Freedom of Speech != Freedom From Accountability

Photo by Cory Doctorow | Source: Flickr

We believe that freedom of speech can be a positive force, especially when used with a level of care and respect for others. Realistically, we do not live in a world where people will always be sweet and happy like Teletubbies. People are not always going to be kind to each other, and everyone is bound to have a bad day.

Here’s where the true challenge comes in for product owners — what do you do to protect free speech while also protecting your community from hate speech and online harassment? Do you allow users to threaten to rape other users in the name of freedom of expression? How will you discern the difference between someone having a bad day versus repeat offenders in need of correction?

Context is everything

The knee-jerk reaction might be to implement an Orwellian censorship strategy. In some cases, this may be the correct approach. Strict filtration is the right strategy for a child-directed product, where there are topics that are never acceptable from a legal perspective. However, filtering out certain words or phrases may not be the solution for a 17+ gaming community or a social media platform for adults. The context of a conversation between two strangers is much different from a conversation between a group of old friends, or a public chatroom where many voices are ‘shouting’ at each other.

Every community has different rules of engagement — each company has a philosophy about what they deem to be an appropriate conversation within their social product. What Flickr considers acceptable will differ significantly from what’s socially accepted on 4chan, or from within a professional Slack channel. Every product is different and unique, and that is one of the challenges we have in providing a protection service to such a wide variety of social apps and games.

Each product has a set of goals and guidelines that govern what they believe is acceptable or unacceptable within their community. Similarly, online collectives tend to have expectations about what they think is appropriate or inappropriate behaviour within their tribe. A moderator or community manager should act as a facilitator, reconciling any differences of expectation between the product owners and the community.

Respect each other as humans

With anonymity, it is much easier to divorce oneself from the reality that there’s a real human on the receiving end of vitriolic comments or so-called rape ‘jokes’.

Writer Lindy West shared a bit of her story about confronting a ‘troll’ who had been harassing her online in an excellent episode of “This American Life”. The writer and the man engage in a civil conversation, acknowledging the tension directly, eventually coming to somewhat of understanding about each other.

People forget that the victims of these ‘trolls’ are real people, but they also forget that ‘trolls’ are real people, too. As Lindy West describes, “empathy, boldness, and kindness” are some practical ways to bridge differences between two humans.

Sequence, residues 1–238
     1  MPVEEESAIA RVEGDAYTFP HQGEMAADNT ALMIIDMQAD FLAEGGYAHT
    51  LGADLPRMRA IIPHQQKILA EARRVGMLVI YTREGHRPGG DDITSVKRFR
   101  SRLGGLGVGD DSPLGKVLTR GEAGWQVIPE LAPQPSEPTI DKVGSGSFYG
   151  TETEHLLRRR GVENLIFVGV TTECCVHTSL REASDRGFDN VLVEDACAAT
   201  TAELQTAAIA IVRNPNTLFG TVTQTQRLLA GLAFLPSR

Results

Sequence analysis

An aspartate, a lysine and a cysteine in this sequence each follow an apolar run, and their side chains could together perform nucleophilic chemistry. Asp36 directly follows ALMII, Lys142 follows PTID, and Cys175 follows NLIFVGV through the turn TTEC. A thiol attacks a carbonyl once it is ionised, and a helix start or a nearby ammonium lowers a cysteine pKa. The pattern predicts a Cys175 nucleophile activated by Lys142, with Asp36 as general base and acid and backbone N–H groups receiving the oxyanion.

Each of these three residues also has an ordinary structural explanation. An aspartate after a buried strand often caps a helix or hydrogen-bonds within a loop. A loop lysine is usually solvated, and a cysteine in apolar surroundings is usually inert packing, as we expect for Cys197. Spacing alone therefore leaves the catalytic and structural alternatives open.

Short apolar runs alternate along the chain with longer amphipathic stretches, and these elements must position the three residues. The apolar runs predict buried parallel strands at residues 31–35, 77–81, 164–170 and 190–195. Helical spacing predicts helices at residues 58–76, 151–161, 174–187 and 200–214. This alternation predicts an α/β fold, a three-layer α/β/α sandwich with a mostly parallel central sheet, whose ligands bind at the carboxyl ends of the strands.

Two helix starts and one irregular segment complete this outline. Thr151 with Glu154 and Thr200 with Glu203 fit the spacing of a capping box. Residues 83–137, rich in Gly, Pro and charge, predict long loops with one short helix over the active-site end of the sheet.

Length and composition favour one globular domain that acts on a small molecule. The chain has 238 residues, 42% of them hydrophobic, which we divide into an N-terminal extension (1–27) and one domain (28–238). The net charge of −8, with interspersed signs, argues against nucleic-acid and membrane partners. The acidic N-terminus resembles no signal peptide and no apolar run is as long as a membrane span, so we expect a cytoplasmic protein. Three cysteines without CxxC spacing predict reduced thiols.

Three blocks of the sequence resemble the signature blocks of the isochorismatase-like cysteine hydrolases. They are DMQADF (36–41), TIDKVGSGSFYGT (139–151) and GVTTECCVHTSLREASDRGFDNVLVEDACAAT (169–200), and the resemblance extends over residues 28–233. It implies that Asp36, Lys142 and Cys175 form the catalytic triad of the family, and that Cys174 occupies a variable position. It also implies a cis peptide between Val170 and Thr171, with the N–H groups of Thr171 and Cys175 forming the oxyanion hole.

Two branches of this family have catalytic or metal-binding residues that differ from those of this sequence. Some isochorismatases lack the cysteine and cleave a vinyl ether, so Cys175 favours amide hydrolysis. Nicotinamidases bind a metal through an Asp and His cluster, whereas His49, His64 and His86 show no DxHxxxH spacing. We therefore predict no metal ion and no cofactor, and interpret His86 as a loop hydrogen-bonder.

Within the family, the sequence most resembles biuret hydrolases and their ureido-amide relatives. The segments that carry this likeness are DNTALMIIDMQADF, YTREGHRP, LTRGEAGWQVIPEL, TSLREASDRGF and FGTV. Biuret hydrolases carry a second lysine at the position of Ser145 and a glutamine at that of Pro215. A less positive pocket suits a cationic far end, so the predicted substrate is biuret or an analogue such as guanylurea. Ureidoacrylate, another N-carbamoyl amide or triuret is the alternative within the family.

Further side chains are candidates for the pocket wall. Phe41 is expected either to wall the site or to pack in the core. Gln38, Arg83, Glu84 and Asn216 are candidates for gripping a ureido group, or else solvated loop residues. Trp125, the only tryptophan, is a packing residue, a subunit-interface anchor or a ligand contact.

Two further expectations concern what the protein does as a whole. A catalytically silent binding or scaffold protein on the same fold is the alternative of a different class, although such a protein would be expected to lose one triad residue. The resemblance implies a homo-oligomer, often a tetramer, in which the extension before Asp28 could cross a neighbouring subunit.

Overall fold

There is a substantial difference between a virus and a corrupted file, just as there is a difference between a real troll and someone who’s having a bad day. With respect comes an opportunity to see each other as human beings rather than avatars on the other side of a screen.

Freedom of speech does not equal freedom from accountability

Some have described the internet as a haven for freedom of expression, where there is less pressure to be “politically correct”. While this may be partially true, there is still an inherent accountability that comes with our freedom. When someone chooses to exploit their freedom to publish hate speech, he or she will likely face some natural consequences, like the effect on his or her personal reputation (or in some extreme cases, legal repercussions.)

Freedom of speech is not always sweet. It can even be ugly without crossing the line of transforming into toxic behavior. It can also be amazing and transformative. The democratization of thought enabled by modern social platforms have had a profound effect on society, empowering millions to share and exchange ideas and information.

One of our goals with Community Sift is to create “safety without censorship”, empowering product owners to preserve user freedom while also protecting their social apps and games. There are so many issues that plague online communities, including spam, radicalization, and illegal content. Businesses work with us because we use a combination of machine learning, artificial intelligence, and human community professionals to protect their products and services.

Moreover, while we respect the need for freedom of speech, we cannot support any activity that results in someone taking their own life. That is why we do what we do. If we can protect a single life through automated escalations and improved call-for-help workflows, we will have made the world a better place. While this may sound overly altruistic, we believe this is a challenge that is worth tackling head-on, regardless of the perspective about “freedom of speech.”